Auburn fires Bryan Harsin, who won 9 of 21 games

Jake Crandall /USA TODAY NETWORK
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AUBURN, Ala. — Auburn fired coach Bryan Harsin after less than two seasons, ending a rocky tenure in which the proud program struggled to compete in the Southeastern Conference.

Harsin went 9-12 overall and 3-5 this year. Auburn has lost four straight games while struggling against Power Five opponents, including a 41-27 loss to Arkansas on Oct. 29 that proved the final straw. Auburn will owe Harsin 70% of his remaining contract – more than $15 million – and half of that must be paid within 30 days.

“President (Chris) Roberts made the decision after a thorough review and evaluation of all aspects of the football program,” the school said in a brief statement announcing the move.

“Auburn will begin an immediate search for a coach that will return the Auburn program to a place where it is consistently competing at the highest levels and representing the winning tradition that is Auburn football,” the statement said.

Auburn canceled its weekly football football news conference about 90 minutes before Harsin was scheduled to speak. The school didn’t immediately name an interim coach. The Tigers play at Mississippi State.

Harsin was hired away from Boise State in December 2020 and Auburn gave him a six-year, $31.5 million deal. He never came close to replicating his past success or making the Tigers competitive in the SEC, and he failed to keep up with rivals Georgia and Alabama on the field or on the recruiting trail.

Those results were unacceptable to a program that won a national title in 2010 and played for another in 2013, when it won the most recent of its eight SEC championships.

Auburn has lost three straight bowl games, including the Birmingham Bowl against Houston under Harsin. That was Auburn’s fifth straight loss and the Tigers dropped to 6-7, their first losing season since 2012.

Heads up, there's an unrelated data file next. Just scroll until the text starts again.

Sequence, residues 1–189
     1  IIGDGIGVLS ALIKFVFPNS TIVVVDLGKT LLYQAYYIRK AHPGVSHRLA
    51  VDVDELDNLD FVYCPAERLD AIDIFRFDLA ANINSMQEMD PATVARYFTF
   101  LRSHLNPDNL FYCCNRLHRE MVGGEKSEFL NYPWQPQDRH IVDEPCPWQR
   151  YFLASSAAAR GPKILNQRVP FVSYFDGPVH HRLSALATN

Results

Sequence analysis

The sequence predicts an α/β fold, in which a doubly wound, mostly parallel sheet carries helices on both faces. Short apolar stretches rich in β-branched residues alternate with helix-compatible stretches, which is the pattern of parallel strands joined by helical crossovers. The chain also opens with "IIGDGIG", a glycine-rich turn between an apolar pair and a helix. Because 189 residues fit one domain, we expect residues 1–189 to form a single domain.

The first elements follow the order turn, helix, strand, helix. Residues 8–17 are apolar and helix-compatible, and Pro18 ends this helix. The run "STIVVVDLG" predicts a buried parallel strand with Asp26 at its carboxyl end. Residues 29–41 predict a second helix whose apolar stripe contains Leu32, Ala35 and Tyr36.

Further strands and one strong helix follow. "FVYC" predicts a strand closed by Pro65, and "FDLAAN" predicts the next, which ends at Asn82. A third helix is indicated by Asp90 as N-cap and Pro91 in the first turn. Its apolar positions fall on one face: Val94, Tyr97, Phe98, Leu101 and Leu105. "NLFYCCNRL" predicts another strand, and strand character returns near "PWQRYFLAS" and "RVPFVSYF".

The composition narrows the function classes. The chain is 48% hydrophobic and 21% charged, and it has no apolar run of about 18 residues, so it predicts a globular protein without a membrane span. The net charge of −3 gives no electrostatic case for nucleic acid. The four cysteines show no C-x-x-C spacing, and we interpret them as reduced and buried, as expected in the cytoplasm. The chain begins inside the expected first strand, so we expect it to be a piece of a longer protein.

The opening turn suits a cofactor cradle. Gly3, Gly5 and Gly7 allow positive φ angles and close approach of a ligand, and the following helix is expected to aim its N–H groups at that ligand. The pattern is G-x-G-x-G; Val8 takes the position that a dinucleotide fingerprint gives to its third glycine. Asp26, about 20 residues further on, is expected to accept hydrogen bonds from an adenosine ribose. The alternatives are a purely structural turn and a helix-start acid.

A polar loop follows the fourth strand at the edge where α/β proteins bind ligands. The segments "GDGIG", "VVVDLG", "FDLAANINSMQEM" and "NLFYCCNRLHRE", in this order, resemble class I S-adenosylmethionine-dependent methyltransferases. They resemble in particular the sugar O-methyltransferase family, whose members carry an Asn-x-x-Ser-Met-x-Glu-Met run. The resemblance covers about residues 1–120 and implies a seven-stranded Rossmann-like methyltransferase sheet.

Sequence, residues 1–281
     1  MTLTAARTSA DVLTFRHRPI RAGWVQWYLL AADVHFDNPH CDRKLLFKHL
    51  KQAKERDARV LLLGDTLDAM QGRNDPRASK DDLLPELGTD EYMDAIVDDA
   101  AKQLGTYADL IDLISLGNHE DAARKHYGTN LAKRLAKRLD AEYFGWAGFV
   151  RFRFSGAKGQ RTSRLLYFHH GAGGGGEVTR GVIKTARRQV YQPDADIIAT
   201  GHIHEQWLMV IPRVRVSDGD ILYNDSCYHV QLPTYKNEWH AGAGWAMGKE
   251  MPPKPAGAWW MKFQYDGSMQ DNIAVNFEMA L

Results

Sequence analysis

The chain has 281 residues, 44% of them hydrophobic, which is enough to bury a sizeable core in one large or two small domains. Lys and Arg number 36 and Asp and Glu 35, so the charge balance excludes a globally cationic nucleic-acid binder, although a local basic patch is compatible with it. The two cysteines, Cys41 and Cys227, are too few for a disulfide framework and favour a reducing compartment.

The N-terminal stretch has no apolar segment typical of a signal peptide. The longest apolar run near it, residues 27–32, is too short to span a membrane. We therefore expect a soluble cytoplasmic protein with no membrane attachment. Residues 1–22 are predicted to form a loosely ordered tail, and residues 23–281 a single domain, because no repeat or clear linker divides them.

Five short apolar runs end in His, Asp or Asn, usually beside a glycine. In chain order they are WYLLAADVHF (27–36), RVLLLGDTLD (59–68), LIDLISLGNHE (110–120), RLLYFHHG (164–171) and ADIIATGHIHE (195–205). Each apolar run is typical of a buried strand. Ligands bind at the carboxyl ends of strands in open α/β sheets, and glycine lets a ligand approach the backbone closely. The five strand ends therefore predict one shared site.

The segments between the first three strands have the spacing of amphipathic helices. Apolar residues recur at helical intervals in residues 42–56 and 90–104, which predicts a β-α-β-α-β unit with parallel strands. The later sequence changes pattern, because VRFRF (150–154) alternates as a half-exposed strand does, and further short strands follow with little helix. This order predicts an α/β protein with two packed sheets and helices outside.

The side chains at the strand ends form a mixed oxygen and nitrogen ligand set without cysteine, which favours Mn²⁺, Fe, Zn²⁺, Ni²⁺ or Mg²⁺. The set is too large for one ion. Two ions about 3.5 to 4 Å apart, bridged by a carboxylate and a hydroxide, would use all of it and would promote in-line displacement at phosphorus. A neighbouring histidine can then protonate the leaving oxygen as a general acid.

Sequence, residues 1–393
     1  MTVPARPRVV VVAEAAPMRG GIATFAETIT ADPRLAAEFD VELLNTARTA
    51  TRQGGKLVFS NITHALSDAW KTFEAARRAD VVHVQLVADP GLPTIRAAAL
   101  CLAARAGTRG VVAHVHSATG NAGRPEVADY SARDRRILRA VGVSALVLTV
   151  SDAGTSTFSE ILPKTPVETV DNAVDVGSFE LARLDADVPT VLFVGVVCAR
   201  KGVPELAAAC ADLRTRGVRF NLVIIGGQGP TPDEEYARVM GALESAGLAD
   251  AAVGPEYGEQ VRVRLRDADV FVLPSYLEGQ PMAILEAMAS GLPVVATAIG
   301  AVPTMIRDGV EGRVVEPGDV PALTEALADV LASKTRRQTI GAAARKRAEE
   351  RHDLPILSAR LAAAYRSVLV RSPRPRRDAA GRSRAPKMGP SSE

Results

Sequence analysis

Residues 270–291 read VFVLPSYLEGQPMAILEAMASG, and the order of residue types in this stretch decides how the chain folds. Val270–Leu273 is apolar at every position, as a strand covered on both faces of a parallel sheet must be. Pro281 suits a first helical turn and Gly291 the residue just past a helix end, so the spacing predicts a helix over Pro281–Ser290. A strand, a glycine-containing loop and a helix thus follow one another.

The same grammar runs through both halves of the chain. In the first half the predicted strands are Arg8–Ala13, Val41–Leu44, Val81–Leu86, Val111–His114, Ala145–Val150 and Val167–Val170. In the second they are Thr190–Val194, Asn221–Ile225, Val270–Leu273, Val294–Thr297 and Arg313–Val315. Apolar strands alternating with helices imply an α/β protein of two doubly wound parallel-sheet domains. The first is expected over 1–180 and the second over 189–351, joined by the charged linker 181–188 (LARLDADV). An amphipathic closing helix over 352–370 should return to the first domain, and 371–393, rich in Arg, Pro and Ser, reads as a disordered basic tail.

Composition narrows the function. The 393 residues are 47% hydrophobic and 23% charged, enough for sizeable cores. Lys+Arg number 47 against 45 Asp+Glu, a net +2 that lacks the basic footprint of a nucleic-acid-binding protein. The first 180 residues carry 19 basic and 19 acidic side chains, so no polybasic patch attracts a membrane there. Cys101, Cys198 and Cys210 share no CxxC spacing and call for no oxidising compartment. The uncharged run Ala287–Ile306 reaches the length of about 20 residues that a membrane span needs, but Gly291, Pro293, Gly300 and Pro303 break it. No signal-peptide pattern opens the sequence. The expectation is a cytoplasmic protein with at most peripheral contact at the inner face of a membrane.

The 45-year-old Harsin becomes the first Auburn coach to end his tenure with a losing record since Earl Brown went 3-22-4 from 1948-50, not counting interim coaches. He went 3-10 after winning six of his first eight games and won four times in 15 games against Power Five opponents.

The Tigers struggled throughout the season, with the normally reliable defense giving up 40-plus points three times while the offense never solved its own problems.

The heat on Harsin rose after a 41-12 loss to Penn State and didn’t cool off much after that. A listless 42-10 loss to No. 1 Georgia emphasized the talent gap facing the Tigers, who subsequently fell to Mississippi and the Razorbacks.

Harsin said after the loss in Athens that he focuses on the things under his control but added that the enjoyment of coaching “never goes away.”

Auburn is tied with Texas A&M for last in the SEC West at 1-4. Much of Jordan-Hare Stadium had emptied out by the fourth quarter against Arkansas.

“Obviously from the outcome of the game, nobody’s going to feel what we did was good enough,” Harsin said. “I think everyone is in there hurting, which we should be.”

Athletic director Allen Greene, who resigned in August with five months left on his initial five-year deal, made the out-of-the-box hire of a coach with no SEC background. Harsin had gone 69-19 in seven seasons at Boise State, his alma matter.